All 216 4-H volunteers participated in child protection training. The training included instructions on identifying child abuse and neglect, as well as mandated reporting procedures. This training equipped 4-H volunteers with important information to help keep children safe in our community.
In all, 106 campers made Guernsey County 4-H camp a popular program for leadership and citizenship skill development. More than $6,300 was provided for scholarships and programs at camp from community and 4-H organizations. More than 12 hours of training and planning meetings enabled 20 teen 4-H camp counselors to develop skills to work with youth in a group setting.
Guernsey County 4-H member enrollment totaled 1,383 youth, reaching 21 percent of youth in the county. Guernsey County offers 43 community 4-H clubs, led by 216 4-H volunteers. Membership includes 783 youth in club groups and 585 in school and special interest programs. Members were enrolled in 2,059 projects to learn about personal development, careers, and life skills.
Real Money. Real World., a hands-on financial literacy program, engaged 209 eighth-grade students in learning how education affects income and lifestyle. The six-part curriculum included lessons on deductions and how occupation affects income. In all, 20 community leaders, business representatives, and OSU Extension personnel served as simulation facilitators for this activity.
In 2016, 376 kindergarten students celebrated Guernsey County 4-H Week by participating in the “Reading Makes the Best Better” program. 4-H teen and adult volunteers read to students, distributed books, and encouraged students to join 4-H. Parents completing the program survey said family members read the book with their children at home. This program encourages reading and increases public awareness about 4-H opportunities.
Ag School Days, a hands-on educational program for elementary students of Guernsey and Noble counties was held in the spring. Approximately 350 youth attended this two-day program at the Ohio State Eastern Agricultural Research Station. Youth participated in educational stations on topics from livestock production to natural resources.
Guernsey County Master Gardener Volunteers (MGVs) teach horticulture-related classes to the public and in schools. The MGVs volunteered hundreds of hours, valued in the thousands of dollars.
Livestock owners protect the environment and increase production efficiencies by attending OSU Extension Grazing School. Livestock owners managing more than 2,961 acres of hay and pasture land participated in this program. At least 81 percent of attendees expected the information they gained would increase their net profit.
This year, 20 area cattle producers obtained artificial insemination training for beef cattle at the Eastern Agriculture Research Station. After the training, 100 percent of attendees indicated the information they learned would help them implement artificial insemination practices on their farm.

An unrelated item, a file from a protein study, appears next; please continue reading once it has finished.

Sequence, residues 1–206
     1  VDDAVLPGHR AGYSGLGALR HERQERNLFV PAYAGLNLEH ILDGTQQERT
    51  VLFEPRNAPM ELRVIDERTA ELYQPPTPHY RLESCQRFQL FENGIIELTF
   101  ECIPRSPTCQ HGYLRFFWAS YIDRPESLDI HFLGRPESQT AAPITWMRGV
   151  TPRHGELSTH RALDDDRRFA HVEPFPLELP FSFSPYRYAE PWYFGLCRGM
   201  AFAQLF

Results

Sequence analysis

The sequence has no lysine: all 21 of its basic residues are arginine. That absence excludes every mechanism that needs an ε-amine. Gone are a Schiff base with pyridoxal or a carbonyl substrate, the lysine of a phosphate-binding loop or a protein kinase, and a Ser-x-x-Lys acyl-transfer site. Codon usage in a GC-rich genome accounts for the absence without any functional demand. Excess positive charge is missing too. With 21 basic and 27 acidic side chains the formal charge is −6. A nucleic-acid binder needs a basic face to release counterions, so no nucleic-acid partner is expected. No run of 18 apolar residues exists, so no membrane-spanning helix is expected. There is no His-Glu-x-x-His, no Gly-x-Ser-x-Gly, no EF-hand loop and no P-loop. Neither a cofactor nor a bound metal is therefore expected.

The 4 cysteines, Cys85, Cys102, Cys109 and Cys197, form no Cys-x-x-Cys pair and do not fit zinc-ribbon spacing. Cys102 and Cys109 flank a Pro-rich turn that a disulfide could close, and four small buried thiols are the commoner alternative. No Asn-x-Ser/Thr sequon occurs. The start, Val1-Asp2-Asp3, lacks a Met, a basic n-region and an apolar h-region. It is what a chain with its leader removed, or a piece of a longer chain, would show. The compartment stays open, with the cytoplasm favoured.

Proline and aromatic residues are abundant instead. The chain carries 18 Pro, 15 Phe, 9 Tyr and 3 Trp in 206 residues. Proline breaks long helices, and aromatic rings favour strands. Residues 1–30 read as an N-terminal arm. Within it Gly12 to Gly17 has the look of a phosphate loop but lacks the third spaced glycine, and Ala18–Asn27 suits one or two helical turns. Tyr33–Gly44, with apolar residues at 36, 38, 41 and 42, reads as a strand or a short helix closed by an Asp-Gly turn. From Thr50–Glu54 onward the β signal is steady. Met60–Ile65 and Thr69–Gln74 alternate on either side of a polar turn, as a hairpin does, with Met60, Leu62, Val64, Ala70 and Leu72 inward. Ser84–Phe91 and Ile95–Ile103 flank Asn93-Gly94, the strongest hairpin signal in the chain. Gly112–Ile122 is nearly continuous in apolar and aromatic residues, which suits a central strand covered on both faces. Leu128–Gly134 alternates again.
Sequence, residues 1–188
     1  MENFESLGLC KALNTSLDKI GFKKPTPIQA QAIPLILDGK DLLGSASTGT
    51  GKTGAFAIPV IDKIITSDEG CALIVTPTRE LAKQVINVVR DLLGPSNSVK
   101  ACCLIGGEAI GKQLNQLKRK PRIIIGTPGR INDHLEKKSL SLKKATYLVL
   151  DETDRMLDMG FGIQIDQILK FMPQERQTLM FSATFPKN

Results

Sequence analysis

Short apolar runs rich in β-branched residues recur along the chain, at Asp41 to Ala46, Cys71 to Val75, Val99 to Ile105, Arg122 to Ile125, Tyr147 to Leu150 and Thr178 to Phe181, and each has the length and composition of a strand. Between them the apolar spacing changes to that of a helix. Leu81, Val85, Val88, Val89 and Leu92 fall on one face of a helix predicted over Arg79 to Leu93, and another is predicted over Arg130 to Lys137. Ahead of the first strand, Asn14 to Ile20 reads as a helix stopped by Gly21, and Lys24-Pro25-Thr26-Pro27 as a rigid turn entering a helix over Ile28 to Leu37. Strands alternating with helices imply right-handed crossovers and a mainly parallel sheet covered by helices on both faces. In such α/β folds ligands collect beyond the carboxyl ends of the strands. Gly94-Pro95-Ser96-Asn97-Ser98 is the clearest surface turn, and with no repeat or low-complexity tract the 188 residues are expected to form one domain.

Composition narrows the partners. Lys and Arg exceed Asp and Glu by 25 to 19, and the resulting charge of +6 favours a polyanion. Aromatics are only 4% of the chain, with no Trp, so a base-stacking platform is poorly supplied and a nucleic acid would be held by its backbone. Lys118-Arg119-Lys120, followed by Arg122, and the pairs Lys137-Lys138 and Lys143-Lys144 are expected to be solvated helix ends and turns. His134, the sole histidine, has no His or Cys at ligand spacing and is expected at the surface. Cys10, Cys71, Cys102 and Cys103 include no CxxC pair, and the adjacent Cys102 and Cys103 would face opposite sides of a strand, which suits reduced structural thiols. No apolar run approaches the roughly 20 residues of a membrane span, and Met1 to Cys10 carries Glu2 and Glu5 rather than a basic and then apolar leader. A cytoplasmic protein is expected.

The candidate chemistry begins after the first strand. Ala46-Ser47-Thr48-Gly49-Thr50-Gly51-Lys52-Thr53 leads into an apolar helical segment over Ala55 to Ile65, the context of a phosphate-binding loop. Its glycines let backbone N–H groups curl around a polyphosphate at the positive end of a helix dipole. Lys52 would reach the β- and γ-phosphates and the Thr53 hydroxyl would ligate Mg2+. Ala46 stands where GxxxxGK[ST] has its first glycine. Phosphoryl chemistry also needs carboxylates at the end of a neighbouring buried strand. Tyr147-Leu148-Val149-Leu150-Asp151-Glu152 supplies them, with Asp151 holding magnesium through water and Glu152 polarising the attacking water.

This year, 374 4-H and FFA members participated in livestock quality assurance training to learn how to raise a safe, wholesome food product for consumers. To help, 14 volunteers were trained as certified quality assurance assistant instructors. Also, 138 members participated in the livestock skillathon contest consisting of interviews, evaluation of livestock records, and simulation exercises. More than 60 volunteers donated 180 hours to plan and conduct these programs.
OSU Extension Community Development (CD) professionals partnered with the Guernsey County Planning Commission and Community Improvement Corporation (CIC) to develop the county comprehensive strategic plan. The creation of a high school career specialist to grow the community’s workforce was a top priority. All of the schools in the community worked collaboratively to contribute dollars to fund this position. The goal is to increase workforce-ready students by five percent.
Because of the uncertainties in the energy market, impact related to the development of oil and gas resources in Ohio is predicted to continue to slow during 2016. OSU Extension CD educators conducted a three-year research study on the impacts of social, economic, and environmental impacts of shale development in 22 rural counties in eastern Ohio. The philanthropic development as a part of the social impact study showed a growth in the number of community foundations and growth in the amount of philanthropic dollars.
Wealth transfer and giving are predicted to be at the highest level for the next 30 years. The Guernsey County Foundation has been the model for this by increasing the number of donors and funds every year. As a trustee on the Guernsey County Community Foundation Board, OSU Extension has assisted in growth of the foundation. The Foundation began with six funds and $100,000, which has grown to 32 funds and $6.4 million dollars.
Fertilizer certification classes were offered in 2016. These classes covered crop nutrient best management practices, which positively impact water quality. This year, 40 area farmers completed training and obtained a fertilizer license; 96 percent of participants agreed that this training improved their knowledge about nutrient management.
Area farmers holding a private pesticide applicator license attended recertification. In all, 94 percent of them agreed or strongly agreed that they have improved safety practices as a result of this program; and 86 percent of attendees agreed or strongly agreed that this class has helped them obtain better control of pests.
27 area farmers participated in a cover crops program; 90 percent plan to utilize cover crops as a result of this program.